When North Coast Holistics had an office in the Jutila Center, one of the signs on our door read, "Please turn off cell phones before entering." We hoped this precaution would help raise awareness about the electromagnetic radiation emitted by mobile phones and reduce exposures to that radiation, as well.
Press coverage of this issue can be confusing. The cell phone industry insists its products are safe, but enough studies suggest health problems that doctors and scientists have raised concerns. In 2008, University of Pittsburgh's Cancer Institute advised employees to limit cell phone calls to three minutes or less, and warned that children should use mobile phones only in emergencies. In 2009, the Environmental Working Group released a report about cell phones' potential danger to children and included radiation rankings to help buyers choose lower-radiation phones.
If you and your family use cell phones or WiFi, there are several sites where you can get more information about their potential effects on health. Below is a list of links which I recently compiled for a friend. I'm posting them here with the hope that they can help others with personal decision-making about cell phone / WiFi use, as well as providing more in-depth information and examples of news coverage on this issue.
This piece by Christopher Ketcham is one of the best I've ever seen about cell phones and wireless technologies generally. It appeared in the February 2010 issue of Gentleman's Quarterly.
This link retrieves a printable, all-one-page version of Ketcham's piece.
This is the University of Pittsburgh Cancer Institute announcement referenced above, which made news as it warned about cell phone use with a list of 10 precautions to follow. In my opinion these are excellent guidelines, if one is going to use cell phones at all (the best protection is to not use them).
This gets to a university press release about the precautionary statement above.
This is the 2009 Environmental Working Group (EWG) report about cell phone radiation which raised concerns especially about their use by children. As mentioned above, their site also includes rankings of radiation levels from phones to help consumers choose lower radiation models (if they use cell phones). EWG also did a series of blog posts about the issue around the time they released their report:
This is the home page for an advocacy group concerned with electromagnetic radiation (EMFs) and health, which seeks to establish biologically-based standards for electromagnetic radiation exposures.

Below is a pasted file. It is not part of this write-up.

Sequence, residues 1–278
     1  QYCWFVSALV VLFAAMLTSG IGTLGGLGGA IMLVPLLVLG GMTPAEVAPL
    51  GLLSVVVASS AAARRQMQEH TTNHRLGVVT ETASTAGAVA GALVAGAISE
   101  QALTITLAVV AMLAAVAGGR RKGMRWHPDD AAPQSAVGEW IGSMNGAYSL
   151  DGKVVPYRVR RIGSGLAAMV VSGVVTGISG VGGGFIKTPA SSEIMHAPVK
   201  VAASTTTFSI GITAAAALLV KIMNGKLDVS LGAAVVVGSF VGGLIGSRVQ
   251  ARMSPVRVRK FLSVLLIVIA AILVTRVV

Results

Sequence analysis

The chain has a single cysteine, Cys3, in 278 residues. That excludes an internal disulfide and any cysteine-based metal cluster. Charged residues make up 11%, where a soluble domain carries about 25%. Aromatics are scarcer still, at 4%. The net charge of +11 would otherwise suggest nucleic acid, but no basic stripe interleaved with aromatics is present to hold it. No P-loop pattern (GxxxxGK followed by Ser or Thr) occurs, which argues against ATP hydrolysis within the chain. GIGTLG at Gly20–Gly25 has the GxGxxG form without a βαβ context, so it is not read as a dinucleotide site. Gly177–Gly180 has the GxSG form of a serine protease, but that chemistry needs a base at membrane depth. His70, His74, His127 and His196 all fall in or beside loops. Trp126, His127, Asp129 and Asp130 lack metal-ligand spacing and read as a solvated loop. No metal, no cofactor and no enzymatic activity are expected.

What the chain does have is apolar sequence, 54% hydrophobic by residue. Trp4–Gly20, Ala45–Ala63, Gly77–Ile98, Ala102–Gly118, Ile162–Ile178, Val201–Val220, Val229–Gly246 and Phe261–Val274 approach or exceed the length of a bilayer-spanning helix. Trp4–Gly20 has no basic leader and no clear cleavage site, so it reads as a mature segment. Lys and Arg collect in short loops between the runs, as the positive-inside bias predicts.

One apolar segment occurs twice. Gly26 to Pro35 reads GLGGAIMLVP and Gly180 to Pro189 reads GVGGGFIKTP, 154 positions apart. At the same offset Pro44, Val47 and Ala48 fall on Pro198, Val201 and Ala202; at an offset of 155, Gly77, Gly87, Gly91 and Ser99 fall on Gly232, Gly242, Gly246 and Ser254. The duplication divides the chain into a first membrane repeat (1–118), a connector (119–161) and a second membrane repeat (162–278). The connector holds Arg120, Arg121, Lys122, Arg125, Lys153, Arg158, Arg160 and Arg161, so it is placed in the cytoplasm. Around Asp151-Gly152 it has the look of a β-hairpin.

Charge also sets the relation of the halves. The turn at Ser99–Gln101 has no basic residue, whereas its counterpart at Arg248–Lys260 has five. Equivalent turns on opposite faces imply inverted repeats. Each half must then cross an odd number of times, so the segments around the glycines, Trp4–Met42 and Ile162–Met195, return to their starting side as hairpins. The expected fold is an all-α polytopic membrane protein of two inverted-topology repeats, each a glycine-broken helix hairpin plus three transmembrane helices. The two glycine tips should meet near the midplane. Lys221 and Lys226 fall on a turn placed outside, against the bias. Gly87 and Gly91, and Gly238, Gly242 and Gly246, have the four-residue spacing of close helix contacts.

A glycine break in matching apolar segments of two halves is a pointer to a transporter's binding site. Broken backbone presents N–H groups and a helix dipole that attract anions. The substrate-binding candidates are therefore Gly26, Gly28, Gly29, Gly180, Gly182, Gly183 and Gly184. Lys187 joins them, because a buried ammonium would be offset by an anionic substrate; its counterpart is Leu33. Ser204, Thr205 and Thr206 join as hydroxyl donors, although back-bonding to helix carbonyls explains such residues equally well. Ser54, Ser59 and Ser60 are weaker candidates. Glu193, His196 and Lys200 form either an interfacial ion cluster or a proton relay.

This is probably the best overall site for unbiased-by-industry information on cell phones and wireless technologies. Written by journalist Lou Slesin, it contains a wealth of information on non-ionizing radiation from cell phones, WiFi, etc. and the health effects of same. It includes many links to further articles.
This link gets you to the table of contents for a special issue of the journal Pathophysiology which looked at EMF research. Not everyone will want to read the full text of these scientific papers, but just scanning the titles in the table of contents tells a story.
This list of links accesses news coverage of the 2008 Congressional hearings on cell phone safety which were convened by Dennis Kucinich.
This article from Popular Science contains a tag line under the title that says "Your cell phone does not in itself cause cancer...." Note that this statement has not been proven and actually contradicts information further along in the same article. In fact, some have complained that this piece contradicts itself in several places. Still, it contains thought-provoking information about non-cancer effects of non-ionizing radiation and is worth a look.
This links to a news release about the Environmental Working Group's report on cell phone radiation (see above).
This is one of the articles that came out late in the summer of 2008 when cell phones were big in the news. This was partly due to the precautionary memo from University of Pittsburgh's Cancer Institute, and partly due to the Congressional hearings investigating cell phone safety.
There's plenty more out there, but I hope this can provide a start for those interested in learning more about this topic. If you have further questions or comments, I invite you to leave them in the comments section below.